Authorities say Adam Lanza shot his mother to death inside...

Authorities say Adam Lanza shot his mother to death inside their Newtown home on Dec. 14, 2012 before driving to Sandy Hook Elementary School, where he massacred 20 first-graders and six educators. He killed himself as police arrived. Credit: AP/NBC News

A long-awaited Connecticut state prosecutor's report on the Sandy Hook massacre arrived Monday, full of information but lacking in answers. What we wanted was someone or something to blame, along with an assurance that this killing spree could have been stopped: Here's why it happened, and here's how to prevent the next one. This report, detailed as it is, provides little of that.

Adam Lanza, 20 years old when he killed his mother, six other adults, 20 first-graders and himself last December, came off as odd to nearly everyone who knew him, yet no one saw any signs that he presented a danger to himself or others. He played shoot-'em-up video games, but lots of people do. He also played nonviolent video games.

He didn't have friends, or enemies. His computer activity showed he was interested in mass murders, but how was anyone to know what he'd been reading on his computer? He liked to target-shoot with his mom's guns, and ones she bought for him, but that's not so rare.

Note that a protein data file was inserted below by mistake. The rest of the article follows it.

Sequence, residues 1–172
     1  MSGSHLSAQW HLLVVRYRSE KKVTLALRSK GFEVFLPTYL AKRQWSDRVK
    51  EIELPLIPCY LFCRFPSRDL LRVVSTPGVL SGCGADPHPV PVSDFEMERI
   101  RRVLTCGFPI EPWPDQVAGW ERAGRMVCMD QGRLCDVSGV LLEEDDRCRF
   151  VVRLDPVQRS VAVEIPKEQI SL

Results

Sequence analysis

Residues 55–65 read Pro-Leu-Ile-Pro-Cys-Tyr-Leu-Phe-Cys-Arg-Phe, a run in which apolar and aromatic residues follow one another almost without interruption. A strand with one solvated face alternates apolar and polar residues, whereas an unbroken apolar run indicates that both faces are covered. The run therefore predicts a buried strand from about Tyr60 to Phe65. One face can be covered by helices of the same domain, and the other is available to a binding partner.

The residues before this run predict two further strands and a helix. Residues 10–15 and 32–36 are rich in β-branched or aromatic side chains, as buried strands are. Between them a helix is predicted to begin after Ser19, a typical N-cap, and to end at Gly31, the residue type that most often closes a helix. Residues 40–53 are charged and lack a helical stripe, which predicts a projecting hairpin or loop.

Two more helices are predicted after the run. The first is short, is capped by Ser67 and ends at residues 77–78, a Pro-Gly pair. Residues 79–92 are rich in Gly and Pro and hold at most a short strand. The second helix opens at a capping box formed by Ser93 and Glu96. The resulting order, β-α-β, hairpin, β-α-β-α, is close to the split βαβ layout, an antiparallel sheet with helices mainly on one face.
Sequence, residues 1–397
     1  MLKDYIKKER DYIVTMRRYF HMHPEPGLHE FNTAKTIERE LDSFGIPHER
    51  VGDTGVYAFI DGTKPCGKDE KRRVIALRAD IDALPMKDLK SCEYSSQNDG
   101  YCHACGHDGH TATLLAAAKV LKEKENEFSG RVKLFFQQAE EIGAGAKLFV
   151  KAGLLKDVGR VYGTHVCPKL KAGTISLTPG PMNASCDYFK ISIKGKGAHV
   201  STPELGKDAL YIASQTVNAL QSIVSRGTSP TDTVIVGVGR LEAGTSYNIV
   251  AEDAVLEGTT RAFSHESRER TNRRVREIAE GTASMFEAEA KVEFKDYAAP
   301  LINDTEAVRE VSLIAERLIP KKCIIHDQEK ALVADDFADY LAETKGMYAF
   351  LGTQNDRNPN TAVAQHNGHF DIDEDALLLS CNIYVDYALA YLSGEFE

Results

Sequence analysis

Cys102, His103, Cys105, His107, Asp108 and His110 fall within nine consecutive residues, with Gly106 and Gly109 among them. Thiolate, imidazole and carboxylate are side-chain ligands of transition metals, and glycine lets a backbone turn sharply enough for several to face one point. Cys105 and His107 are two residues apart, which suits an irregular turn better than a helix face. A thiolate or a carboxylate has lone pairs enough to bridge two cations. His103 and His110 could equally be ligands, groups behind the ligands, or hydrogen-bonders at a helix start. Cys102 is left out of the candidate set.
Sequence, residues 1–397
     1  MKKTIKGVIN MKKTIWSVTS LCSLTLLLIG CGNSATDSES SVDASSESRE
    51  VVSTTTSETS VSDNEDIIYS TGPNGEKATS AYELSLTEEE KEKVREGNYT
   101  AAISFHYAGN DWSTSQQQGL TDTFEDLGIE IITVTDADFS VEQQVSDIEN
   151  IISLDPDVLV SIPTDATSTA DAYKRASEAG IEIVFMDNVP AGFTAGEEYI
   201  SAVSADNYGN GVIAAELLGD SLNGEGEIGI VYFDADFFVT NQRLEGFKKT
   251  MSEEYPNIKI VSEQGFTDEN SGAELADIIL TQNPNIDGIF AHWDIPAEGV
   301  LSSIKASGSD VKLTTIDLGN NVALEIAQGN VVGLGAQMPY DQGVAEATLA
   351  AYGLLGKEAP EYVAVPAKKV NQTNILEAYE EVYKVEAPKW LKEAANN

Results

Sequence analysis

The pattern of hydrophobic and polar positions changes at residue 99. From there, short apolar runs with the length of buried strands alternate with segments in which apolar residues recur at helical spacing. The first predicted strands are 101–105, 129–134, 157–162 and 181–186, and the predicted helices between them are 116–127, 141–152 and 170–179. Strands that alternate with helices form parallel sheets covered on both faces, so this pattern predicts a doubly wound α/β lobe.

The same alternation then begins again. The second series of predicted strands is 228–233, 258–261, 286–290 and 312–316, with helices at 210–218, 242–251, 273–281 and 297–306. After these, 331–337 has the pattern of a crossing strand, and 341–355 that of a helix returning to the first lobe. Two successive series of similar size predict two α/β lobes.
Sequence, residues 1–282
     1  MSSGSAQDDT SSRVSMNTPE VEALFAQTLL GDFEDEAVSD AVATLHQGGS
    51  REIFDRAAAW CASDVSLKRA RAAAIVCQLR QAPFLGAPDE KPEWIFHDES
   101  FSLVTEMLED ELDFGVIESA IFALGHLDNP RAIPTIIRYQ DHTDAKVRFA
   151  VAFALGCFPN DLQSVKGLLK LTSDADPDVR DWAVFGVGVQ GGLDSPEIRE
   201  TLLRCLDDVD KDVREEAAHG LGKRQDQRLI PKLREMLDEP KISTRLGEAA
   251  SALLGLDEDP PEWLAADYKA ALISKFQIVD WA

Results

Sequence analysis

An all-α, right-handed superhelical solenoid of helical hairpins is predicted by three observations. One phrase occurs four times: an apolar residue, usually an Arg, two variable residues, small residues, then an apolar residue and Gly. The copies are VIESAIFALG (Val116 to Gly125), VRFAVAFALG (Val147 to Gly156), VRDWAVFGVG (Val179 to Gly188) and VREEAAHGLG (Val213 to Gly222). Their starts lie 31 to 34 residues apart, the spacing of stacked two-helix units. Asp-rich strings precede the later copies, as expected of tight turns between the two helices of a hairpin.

You can argue that his mother should have been more alert to her son's issues. Even though their bedrooms were on the same floor of their home, he communicated with her only via email for their final three months, refusing to speak to her. She described him as having no emotions, and fretted that he would not seek counseling or medication. She catered to his obsessions in the way she prepared his food, did his laundry, arranged the house and structured her life. She loved him, and saw no evil in him, and she's not much different from many parents who don't know how to respond to their children's issues.

It's now clear Lanza was the kind of person capable of mass murder, but only because he committed it. Absent that evidence, the danger wasn't apparent, which suggests the massacre wasn't preventable. That's the answer, at times like this, we least want to hear.

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